By Michael Vatikiotis
Recent arguments between ASEAN member states who are claimants to parts of the South China Sea and China, which claims sovereignty over almost the entire maritime area, have seriously upset the strategic equilibrium of the region. Temperatures are rising, especially as China also aggressively challenges Japan’s claim to the Diaoyu / Senkaku islands in the East China Sea.
The row over contested claims in the South China Sea has damaged ties between ASEAN and its giant neighbor to the North, helped fuel boundary disputes with Japan and pushed the United States into adopting a more muscular security posture across the region. ASEAN member states are now at odds with one another over how to deal with China, which has undermined the traditional consensus-driven dynamics of the 10-member bloc and opened up the possibility of disagreement in other areas.
How to restrain and contain the problem and restore the equilibrium of the recent past should now be the focus of regional diplomacy. In this respect the region faces two options – one harder and more dangerous than the other.
The hard way would be to use the rift over China’s claim to the South China Sea to persuade Beijing to modify its claim and agree to a new set of parameters embedded in multilateral agreement and international law. This has been the approach adopted by ASEAN claimant states, specifically the Philippines and Vietnam, backed by the United States. They want China to agree to a code of conduct that would provide a basis for fixing long-term claims in the context of the international law of the sea. Indonesia, as a non-claimant state, is trying to mediate by calling for a special meeting on the issue on the sidelines of the next ASEAN leaders meeting but this head-on approach may be too direct for China to accept.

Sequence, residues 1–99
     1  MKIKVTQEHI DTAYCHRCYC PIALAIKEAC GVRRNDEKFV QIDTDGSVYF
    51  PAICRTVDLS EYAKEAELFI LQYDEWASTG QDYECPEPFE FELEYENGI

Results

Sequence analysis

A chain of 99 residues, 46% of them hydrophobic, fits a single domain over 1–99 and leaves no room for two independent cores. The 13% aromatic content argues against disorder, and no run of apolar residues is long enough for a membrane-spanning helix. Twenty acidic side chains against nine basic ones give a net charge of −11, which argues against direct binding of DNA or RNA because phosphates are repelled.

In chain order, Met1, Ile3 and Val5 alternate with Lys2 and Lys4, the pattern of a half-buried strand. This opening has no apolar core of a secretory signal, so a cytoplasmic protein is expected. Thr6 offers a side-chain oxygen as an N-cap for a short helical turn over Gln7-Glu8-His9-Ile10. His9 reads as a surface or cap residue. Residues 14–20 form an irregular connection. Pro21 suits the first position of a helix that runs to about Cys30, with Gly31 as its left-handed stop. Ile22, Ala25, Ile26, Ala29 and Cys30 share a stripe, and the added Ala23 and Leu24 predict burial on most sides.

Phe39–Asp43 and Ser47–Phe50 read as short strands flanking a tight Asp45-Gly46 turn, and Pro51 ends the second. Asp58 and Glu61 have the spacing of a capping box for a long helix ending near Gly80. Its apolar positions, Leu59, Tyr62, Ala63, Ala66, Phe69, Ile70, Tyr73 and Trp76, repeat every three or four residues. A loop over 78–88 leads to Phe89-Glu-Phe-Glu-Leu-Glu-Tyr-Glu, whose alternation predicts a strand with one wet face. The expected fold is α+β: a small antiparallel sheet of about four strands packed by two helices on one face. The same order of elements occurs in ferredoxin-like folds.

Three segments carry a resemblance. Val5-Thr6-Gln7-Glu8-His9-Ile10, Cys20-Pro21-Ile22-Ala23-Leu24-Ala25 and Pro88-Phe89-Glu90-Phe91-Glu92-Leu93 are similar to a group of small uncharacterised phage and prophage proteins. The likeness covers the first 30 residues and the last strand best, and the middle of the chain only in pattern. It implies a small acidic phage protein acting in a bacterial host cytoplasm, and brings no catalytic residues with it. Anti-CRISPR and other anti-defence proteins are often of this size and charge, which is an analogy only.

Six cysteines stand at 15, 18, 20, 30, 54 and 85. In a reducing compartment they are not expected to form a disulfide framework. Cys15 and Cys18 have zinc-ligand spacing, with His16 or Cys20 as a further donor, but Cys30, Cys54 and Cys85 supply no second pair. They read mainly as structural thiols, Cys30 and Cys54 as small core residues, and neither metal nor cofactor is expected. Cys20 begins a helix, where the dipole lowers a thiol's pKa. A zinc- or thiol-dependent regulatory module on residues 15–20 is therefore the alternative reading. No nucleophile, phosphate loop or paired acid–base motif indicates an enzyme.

China is unlikely to agree to anything that would erode its strongly-asserted claims. The loss of international face would bring shame to China’s leadership and more particularly to the powerful military establishment, which will be seen to have caved in to “barbarian” demands. Pushed into a corner like this, China’s response could quite possibly be to use military means to defend and even exercise its claims. The Chinese navy has already bared its fangs on a few occasions lately.
Perhaps a more effective approach is to think in terms of managing and containing rather than resolving the problem. The formula for doing so is neither complex nor expensive. In fact, it illustrates the value of historical ties and track-two diplomacy in dealing with the thorniest of issues in the region. China tends to rely on diplomatic channels it considers friendly and trusted. Vietnam and the Philippines, the two most vociferous claimant states, have prompted an aggressive response because China considers them abrasive and unfriendly. Thailand is, without doubt, China’s most trusted and valued ASEAN interlocutor and has the advantage of not being a claimant state. It was Thailand that assured China of continued friendship at the height of the Cold War and was one of the first to restore formal diplomatic relations in the 1970s. Later Thailand spearheaded the shaping of ASEAN -China relations in the 1990s, and Thailand remains the coordinator of ASEAN dialogue with China.